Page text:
Kennedy was joined in the DOMA decision by the court's four liberal justices.
Chief Justice John Roberts, Justices Samuel Alito and Clarence Thomas, and Scalia dissented.
Same-sex marriage has been adopted by 12 states and the District of Columbia. Another 18,000 couples were married in California during a brief period when same-sex unions were legal there.
The outcome is clear for people who were married and live in states that allow same-sex marriage. They now are eligible for federal benefits.
The picture is more complicated for same-sex couples who traveled to another state to get married, or who have moved from a gay marriage state since being wed.
Their eligibility depends on the benefits they are seeking. For instance, immigration law focuses on where people were married, not where they live. But eligibility for Social Security survivor benefits basically depends on where a couple is living when a spouse dies.
The rulings came 10 years to the day after the court's Lawrence v. Texas decision that struck down state bans on gay sex. In his dissent at the time, Scalia predicted the ruling would lead to same-sex marriage
Associated Press writers Connie Cass, Jessica Gresko and Bethan McKernan contributed to this report. McKernan reported from New York.
BEFORE YOU GO
06/26/2013 7:32 PM EDT
Catholic Archbishop: DOMA, Prop 8 Rulings 'Hurt Us All'
Some Catholic leaders are asking parishioners to consider the judgment of a higher power, not the nation's highest court.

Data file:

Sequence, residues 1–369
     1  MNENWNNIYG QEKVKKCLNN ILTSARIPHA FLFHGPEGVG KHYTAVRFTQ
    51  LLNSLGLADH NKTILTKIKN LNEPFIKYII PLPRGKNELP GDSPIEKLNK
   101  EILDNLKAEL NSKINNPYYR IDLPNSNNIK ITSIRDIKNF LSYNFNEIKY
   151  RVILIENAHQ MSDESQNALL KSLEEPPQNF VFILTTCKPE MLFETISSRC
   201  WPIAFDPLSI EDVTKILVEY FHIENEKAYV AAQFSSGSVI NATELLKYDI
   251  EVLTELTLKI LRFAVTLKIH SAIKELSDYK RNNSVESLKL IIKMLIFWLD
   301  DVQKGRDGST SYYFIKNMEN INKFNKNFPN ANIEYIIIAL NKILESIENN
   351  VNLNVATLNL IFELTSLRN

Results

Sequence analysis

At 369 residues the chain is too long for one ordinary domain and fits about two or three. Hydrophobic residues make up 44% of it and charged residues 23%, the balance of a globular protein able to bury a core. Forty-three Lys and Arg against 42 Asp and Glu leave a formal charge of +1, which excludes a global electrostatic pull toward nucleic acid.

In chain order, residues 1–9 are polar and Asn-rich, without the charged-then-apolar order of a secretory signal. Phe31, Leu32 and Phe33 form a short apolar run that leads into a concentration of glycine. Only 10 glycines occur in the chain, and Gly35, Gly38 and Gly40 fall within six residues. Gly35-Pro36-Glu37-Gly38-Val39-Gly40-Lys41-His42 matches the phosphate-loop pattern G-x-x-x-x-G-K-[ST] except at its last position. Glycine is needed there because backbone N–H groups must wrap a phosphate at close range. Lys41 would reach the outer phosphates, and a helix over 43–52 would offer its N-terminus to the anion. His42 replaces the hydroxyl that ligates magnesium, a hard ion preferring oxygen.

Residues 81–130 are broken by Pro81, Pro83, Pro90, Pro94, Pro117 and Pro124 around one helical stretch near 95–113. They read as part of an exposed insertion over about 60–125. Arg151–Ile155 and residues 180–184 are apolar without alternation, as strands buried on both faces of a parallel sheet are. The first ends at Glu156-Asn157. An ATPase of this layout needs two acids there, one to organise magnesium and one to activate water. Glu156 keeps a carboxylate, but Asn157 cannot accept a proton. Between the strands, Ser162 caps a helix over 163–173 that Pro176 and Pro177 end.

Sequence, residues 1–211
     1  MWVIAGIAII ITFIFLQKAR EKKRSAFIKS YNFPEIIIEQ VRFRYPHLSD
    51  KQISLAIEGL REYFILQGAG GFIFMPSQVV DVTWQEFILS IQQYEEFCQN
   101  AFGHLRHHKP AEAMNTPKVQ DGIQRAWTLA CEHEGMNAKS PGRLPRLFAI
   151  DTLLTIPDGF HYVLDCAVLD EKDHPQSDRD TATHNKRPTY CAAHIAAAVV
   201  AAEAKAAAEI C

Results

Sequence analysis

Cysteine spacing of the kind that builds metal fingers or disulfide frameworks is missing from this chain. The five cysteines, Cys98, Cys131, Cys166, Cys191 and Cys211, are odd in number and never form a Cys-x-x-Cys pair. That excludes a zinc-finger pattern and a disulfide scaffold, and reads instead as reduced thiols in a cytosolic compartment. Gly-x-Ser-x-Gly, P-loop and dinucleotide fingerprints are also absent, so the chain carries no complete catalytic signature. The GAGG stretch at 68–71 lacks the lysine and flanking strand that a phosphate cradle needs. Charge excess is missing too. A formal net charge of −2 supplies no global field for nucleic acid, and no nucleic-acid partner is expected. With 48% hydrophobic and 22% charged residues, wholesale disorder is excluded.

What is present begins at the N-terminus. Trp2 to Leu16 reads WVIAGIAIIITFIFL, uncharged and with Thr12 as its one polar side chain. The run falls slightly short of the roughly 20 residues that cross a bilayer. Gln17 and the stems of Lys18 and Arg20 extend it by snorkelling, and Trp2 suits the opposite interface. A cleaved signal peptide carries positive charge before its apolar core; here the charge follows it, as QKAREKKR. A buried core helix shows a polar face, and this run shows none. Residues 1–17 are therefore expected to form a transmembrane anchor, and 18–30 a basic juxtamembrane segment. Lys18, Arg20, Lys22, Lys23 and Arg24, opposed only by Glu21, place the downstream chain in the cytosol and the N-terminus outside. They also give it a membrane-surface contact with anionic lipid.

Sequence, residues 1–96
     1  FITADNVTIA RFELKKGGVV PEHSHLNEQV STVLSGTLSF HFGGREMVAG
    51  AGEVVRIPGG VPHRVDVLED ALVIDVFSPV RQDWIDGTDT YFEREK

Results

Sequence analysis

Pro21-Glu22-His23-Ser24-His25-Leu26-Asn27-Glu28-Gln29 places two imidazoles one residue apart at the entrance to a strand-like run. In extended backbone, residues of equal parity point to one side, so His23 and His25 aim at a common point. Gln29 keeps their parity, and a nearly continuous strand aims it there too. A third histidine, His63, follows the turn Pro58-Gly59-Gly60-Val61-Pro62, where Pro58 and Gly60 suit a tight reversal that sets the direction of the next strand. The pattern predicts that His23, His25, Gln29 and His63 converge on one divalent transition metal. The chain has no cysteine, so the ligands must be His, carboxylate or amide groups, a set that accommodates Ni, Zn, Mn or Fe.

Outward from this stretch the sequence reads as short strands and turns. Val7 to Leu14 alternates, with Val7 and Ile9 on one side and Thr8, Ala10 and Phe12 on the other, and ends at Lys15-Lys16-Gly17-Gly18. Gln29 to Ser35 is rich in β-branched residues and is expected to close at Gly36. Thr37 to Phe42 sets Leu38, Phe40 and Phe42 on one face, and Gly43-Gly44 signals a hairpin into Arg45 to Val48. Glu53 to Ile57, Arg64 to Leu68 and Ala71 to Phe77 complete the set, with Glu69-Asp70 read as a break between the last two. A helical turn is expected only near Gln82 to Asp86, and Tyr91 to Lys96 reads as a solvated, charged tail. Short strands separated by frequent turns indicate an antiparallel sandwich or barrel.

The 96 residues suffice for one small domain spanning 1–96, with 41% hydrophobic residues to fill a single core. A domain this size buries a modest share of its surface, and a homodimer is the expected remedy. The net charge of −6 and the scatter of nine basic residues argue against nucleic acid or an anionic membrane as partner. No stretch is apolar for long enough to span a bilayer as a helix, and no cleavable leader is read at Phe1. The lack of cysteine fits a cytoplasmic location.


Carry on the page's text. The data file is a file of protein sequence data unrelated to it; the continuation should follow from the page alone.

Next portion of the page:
Detroit Archbishop Allen H. Vigneron issued a statement criticizing the Supreme Court's decision in the DOMA and Prop 8 cases, saying that attempts to redefine marriage "hurt us all."
The well-being of our society, our nation, and our families is intimately linked to the institution of marriage. These decisions by the United States Supreme Court will make significantly more difficult our work of upholding the truth that marriage is a lifelong covenant between one man and one woman. Such decisions, made by any civic authority, do not serve the common good.
Catholics and millions of our fellow citizens will continue to make the case, respectfully yet vigorously, that marriage cannot be redefined, and that attempts to do so hurt us all.
Read more here.
06/26/2013 5:58 PM EDT
Stonewall Inn Crowd Celebrates DOMA, Vows To Keep Fighting
The Huffington Post's Lila Shapiro reports:
NEW YORK -- On Wednesday, the Stonewall Inn opened earlier than usual. At 10 a.m., the day the U.S. Supreme Court handed the gay rights movement a landmark victory, the historic bar was dimly lit, strung with rainbow flags, and filled with revelers toasting each other and pledging their determination to keep fighting.
Read the whole post here.
06/26/2013 4:16 PM EDT
Washington National Cathedral Rings Bells Celebrating Gay Marriage Rulings
The Washington National Cathedral rang bells at noon today to celebrate the Supreme Court rulings on the Defense Of Marriage Act and Prop 8.
Rev. Gary Hall, Dean of the Cathedral, released a statement soon after the rulings were announced: